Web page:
Celebrating Aviation Pioneer Walter H. Beech

Twin Beech AT-7/C-45  Photo Courtesy: planespotters.net

Walter H. Beech
Photo from the Book: The Barnstormer and the Lady

 

While most 14-year-old kids played stickball in the streets in the early 1900’s, Tennessee farm boy Walter Herschel Beech designed and built his own glider. Mother Beech was dismayed to discover that some of the materials he used included her brand new bedsheets. And the flight off their rooftop was unsuccessful to boot. However, his passion for aircraft and flying never abated. Ten years later he and a friend found and rebuilt a Curtis biplane. Walter made his first solo flight in the Curtis July 11, 1914.

Around that same time Walter moved to Minneapolis to work for a company making the newfangled automobile. They sent him to Europe to sell their cars. Three years later World War I began and Beech signed up for the Army Signal Corp that included the burgeoning US aviation military. He was stationed at Kelly Field in Rich Field, Texas as an aircraft mechanic. There he met another aircraft tinkerer, Eddie Stinson, who went on to start his own aircraft manufacturing company. Notably, North Cascades Vintage Aircraft Museum is proud to be rebuilding one of his masterpieces, the Stinson Junior SM-8A. Here is a video of the restoration in progress, filmed in May of this year for our quarterly newsletter.

After the war Beech worked for various aircraft manufacturing companies while also becoming a superb pilot, or barnstormer as they were known then, winning air race after air race. Walter eventually decided to create his own company, the Beech Aircraft Company, with his wife Olive Ann in 1932. Their company built many of the most iconic aircraft in history.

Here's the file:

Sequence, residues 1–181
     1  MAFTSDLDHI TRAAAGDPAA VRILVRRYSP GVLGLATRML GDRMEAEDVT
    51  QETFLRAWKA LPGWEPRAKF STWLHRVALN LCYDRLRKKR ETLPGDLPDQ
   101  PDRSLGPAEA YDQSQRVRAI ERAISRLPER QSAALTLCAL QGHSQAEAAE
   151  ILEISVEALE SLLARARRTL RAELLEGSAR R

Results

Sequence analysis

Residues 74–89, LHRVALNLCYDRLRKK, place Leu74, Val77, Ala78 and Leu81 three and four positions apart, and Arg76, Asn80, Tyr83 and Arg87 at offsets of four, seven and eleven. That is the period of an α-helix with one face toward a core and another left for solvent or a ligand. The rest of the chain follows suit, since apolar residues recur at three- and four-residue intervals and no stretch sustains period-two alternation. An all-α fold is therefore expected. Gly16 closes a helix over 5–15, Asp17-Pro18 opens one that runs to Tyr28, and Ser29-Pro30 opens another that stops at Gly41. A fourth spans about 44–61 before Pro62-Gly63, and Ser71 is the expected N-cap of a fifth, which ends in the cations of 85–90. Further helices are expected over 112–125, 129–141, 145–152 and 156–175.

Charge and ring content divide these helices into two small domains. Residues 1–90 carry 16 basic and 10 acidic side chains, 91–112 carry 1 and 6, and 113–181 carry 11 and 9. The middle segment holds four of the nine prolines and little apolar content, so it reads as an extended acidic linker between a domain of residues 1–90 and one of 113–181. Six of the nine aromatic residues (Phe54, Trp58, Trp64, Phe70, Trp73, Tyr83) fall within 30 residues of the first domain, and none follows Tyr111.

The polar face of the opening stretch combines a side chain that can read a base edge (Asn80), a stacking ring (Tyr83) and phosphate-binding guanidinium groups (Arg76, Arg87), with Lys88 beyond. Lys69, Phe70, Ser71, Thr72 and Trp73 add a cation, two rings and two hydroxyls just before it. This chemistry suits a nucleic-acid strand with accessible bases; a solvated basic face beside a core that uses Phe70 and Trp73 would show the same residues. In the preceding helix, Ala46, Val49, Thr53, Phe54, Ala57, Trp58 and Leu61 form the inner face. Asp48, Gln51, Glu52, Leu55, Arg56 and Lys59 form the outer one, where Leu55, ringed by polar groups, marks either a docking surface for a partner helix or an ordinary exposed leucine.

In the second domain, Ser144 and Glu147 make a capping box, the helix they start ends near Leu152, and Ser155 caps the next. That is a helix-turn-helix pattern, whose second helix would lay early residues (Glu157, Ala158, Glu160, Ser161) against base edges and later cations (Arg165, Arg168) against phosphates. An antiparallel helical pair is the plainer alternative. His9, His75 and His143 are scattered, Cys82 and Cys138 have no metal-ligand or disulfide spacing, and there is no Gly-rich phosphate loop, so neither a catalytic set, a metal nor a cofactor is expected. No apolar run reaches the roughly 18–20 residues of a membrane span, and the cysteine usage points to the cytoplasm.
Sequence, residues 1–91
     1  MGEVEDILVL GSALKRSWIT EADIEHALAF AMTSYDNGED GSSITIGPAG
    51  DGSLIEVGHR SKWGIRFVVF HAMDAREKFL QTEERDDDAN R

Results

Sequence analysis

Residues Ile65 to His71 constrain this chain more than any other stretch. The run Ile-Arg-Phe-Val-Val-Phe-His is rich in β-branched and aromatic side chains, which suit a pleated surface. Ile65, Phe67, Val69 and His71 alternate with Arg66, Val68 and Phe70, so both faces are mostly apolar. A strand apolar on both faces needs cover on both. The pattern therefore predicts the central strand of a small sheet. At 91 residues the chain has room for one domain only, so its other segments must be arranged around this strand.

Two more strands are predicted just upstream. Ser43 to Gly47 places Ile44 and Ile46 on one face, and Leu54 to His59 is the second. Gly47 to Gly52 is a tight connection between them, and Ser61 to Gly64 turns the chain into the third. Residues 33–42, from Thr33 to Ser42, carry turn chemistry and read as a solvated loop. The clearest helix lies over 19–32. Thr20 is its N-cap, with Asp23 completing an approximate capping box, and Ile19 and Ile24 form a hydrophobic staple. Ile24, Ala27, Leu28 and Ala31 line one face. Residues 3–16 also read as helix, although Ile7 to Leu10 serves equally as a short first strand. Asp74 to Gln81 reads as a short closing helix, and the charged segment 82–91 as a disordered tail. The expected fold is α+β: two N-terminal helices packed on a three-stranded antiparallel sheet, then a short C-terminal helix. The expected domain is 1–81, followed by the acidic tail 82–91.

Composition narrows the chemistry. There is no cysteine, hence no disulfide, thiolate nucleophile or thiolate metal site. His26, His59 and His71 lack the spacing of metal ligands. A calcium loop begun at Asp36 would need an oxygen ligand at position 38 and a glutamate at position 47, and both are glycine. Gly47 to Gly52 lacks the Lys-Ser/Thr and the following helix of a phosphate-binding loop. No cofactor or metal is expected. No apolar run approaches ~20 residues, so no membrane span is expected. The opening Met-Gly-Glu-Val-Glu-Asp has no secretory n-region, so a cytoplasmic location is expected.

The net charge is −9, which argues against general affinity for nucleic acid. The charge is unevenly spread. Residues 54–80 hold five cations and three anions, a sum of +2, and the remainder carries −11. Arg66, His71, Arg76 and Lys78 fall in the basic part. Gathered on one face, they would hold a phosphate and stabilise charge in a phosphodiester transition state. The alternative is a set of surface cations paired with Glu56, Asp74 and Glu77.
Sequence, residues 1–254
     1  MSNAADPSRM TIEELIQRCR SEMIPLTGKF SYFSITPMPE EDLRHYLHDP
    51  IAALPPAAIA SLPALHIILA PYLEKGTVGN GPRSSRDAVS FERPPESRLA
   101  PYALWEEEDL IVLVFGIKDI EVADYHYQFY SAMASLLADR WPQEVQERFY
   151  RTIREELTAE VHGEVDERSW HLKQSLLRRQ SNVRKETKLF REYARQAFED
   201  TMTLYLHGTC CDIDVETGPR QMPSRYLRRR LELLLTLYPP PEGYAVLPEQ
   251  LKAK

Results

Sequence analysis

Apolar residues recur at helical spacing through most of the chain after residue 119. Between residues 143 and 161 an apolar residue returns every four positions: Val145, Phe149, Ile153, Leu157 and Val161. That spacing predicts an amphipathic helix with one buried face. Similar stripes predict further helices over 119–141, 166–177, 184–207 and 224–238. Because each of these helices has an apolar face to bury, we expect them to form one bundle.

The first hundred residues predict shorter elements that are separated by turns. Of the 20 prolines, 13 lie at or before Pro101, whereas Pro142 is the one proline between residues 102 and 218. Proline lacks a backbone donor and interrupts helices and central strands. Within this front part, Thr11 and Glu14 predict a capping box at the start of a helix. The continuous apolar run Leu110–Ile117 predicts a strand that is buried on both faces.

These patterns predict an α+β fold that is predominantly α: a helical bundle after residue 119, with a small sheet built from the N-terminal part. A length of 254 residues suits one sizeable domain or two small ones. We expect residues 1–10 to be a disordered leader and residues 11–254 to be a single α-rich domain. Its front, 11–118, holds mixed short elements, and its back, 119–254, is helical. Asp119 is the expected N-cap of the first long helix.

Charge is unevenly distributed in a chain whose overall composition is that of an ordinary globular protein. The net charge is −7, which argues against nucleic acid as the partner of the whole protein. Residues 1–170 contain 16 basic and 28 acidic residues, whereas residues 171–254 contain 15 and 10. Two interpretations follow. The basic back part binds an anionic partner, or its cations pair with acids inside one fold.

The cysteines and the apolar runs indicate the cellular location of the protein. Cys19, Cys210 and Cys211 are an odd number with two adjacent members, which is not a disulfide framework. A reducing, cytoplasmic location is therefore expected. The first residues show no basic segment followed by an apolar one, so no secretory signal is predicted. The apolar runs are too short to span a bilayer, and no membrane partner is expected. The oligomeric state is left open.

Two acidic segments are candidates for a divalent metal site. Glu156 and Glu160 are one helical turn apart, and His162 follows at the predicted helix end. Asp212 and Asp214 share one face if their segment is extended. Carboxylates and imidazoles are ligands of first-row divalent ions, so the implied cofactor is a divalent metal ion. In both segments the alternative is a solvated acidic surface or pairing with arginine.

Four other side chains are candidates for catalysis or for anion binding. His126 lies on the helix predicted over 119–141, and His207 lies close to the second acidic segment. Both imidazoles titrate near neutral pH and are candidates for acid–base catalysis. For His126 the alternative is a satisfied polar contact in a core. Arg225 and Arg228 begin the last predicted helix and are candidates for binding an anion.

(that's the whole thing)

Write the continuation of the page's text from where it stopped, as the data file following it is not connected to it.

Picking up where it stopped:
Beechcraft AT-7 or "Twin Beech" Photo Courtesy: Wikipedia

Beechcraft AT-7 or “Twin Beech”
Photo Courtesy: Wikipedia

 

The Beechcraft AT-7 or “Twin Beech” as it was called was used as a trainer in WWII. More than 90% of all US Army Air Forces bombardiers and navigators trained on this craft.

Beech Staggerwing Photo Courtesy: planespotters.net

Beech Staggerwing
Photo Courtesy: planespotters.net

 

The Beech Staggerwing is another in the Beech Aircraft Co.’s stable of planes. Aptly named because of the unusual negative stagger wing configuration where the upper wing is staggered behind the lower. It was voted one of the most beautiful airplanes ever manufactured.

Beechcraft Bonanza Photo Courtesy: simflight.com

Beechcraft Bonanza
Photo Courtesy: simflight.com

 

Probably the best known Beech aircraft is the six-seater, single engine Beechcraft Bonanza which began production in 1947. It is also the best selling private aircraft in history with over 17,000 sold and counting. Production of the plane with the unique V-tail continues today.

On November 29, 1950 Walter H. Beech suffered a fatal heart attack and a premier aviation innovator, designer and manufacturer glided into the history books.

If you are a vintage aircraft lover, consider becoming a NCVAM member today!

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